Wait, what? Whales in the desert? Fossils of earliest suborder of now extinct whale sheds new light on evolution.
Even though human population expansion and over-exploitation of natural resources has accelerated the rate at which climatic change wreaks havoc, nature has always been in flux. Few things drive this concept home more concretely than a boat load of whale fossils in the desert. This is what was just reportedly found in Egypt.
British geologist Hugh J.L. Beadnell conducted a geological survey of Egypt in the early 1900s, discovering within the Western Desert of Egypt 150 km southwest of Cairo and 80 km west of Faiyum City, stashed amidst the sandstone, limestone and shale left behind 40 million years ago when the Tethys Sea slunk back towards the Mediterranean, the fossils of the earliest suborder of whales (links to PDF on the whales).
Vulnerable to curious visitors and furious winds, these tombs, these ancestral Archaeoceti tombs of the two modern suborders of cetaceans Mysticeti and Odontoceti received UNESCO World Heritage status in 2005.
The University of Michigan, which began conducting expeditions of what is now known as “whale valley” beginning in 1983, were the first to discover that whales used to have hind feet before they evolved into the slick serpentine creatures we now know them to be.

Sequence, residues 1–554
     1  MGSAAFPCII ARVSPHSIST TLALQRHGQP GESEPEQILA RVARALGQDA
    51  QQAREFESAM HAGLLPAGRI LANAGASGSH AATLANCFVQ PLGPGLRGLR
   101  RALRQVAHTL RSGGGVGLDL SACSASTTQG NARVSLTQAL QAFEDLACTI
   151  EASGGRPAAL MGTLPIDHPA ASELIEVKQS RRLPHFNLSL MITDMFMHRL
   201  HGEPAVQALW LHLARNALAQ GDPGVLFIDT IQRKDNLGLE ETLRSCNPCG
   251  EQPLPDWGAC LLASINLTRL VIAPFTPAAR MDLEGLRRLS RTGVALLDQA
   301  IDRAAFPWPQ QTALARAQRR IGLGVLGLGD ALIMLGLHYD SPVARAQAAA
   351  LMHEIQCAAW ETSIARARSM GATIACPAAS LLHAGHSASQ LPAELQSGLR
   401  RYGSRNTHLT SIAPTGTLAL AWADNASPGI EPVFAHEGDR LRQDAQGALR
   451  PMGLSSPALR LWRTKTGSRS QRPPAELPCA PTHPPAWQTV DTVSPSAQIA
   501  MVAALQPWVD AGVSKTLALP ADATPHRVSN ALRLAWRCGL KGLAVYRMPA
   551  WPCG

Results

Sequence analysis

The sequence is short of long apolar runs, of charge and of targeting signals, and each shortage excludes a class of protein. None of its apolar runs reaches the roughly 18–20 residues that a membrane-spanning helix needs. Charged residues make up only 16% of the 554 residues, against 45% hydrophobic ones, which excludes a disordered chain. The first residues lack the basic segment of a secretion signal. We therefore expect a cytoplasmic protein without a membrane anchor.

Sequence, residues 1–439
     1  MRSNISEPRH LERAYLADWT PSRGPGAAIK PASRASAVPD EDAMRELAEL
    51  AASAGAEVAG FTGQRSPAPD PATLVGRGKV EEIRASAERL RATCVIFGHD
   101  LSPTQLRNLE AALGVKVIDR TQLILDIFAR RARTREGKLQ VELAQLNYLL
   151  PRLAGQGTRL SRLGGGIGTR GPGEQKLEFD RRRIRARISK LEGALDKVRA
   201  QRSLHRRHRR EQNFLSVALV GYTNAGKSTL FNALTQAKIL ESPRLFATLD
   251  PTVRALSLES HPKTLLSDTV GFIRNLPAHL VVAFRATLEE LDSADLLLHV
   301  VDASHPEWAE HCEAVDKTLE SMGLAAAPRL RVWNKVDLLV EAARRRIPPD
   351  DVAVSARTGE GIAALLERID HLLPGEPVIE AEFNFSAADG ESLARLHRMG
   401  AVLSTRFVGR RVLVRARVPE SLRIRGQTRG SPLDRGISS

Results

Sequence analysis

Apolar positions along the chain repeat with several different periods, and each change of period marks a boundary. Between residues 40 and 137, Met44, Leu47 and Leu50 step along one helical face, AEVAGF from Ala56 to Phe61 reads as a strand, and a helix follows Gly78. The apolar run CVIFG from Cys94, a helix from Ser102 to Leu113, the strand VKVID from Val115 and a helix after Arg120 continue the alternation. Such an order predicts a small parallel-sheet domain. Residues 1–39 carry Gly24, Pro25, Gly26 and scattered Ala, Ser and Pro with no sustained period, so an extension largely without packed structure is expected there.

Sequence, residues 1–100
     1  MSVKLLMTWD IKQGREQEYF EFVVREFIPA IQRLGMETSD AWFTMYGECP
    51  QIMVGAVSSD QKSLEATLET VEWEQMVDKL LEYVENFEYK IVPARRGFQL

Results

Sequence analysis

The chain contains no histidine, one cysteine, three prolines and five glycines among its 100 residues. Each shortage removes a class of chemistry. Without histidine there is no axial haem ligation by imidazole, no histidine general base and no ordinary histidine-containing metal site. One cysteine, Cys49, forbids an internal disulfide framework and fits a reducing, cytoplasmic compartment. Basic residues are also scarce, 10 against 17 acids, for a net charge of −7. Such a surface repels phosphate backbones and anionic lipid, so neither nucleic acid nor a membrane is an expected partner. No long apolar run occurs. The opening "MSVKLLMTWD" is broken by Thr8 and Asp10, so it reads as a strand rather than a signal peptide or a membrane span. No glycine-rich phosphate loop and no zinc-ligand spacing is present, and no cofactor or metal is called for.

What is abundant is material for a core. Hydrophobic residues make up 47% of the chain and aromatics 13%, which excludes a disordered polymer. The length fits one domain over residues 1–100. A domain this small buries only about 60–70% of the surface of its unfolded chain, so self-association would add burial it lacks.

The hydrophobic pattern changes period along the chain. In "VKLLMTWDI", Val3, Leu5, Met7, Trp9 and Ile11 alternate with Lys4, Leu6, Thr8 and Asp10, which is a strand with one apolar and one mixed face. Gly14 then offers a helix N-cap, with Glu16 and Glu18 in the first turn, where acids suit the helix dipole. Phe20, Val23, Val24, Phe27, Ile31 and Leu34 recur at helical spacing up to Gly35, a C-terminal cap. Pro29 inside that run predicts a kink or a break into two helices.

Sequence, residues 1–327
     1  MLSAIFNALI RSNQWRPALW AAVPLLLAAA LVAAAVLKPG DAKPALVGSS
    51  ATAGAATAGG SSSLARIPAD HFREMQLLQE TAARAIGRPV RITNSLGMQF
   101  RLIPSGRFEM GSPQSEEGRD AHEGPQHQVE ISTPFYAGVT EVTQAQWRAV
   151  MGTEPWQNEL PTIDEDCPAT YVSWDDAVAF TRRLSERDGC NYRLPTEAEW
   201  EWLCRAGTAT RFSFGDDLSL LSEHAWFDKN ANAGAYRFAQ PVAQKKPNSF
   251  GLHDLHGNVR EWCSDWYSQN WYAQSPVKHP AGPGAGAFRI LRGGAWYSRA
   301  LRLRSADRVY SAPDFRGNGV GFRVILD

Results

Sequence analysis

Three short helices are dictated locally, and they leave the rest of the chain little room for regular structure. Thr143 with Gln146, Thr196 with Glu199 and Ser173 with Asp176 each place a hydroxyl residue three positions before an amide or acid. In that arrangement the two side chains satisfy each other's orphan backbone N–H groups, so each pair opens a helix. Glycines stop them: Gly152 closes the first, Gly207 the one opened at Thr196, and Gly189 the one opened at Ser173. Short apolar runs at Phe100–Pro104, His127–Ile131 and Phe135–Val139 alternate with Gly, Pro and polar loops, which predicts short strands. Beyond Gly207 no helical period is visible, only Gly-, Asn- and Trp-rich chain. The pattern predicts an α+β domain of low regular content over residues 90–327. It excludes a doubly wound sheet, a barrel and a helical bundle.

Most remarkable about this discovery, according to the International Union for the Conservation of Nature and Natural Resources (IUCN) is that these particular fossils – many unusually intact and representing different phases of development – demonstrate the whale’s departure from land and shallow coastal waters to full fledged ocean-going.
The learning gleaned from this and a nearby site containing “the most complete record of Palaeogene mammals for all Africa… [including] two hominoid genera is critical to understanding the evolution of many mammal groups on the continent, particularly hominids,” the IUCN wrote.
Considering this rich archaeological prelude, the Egyptian State Information Service’s weekend claim that an Egyptian archaeological team has discovered yet more prehistoric whale skeletons in the same region came as a huge surprise. They report that among various tools and weapons, scientists discovered a fossilized whale embryo.
Surprise yes. But disinterest, no. Because Egyptians take their tourist bait seriously, and because any such discovery leads to new understanding and maybe, if we’re lucky, more ecological preservation. These are early discovery days yet, but we will certainly keep you informed.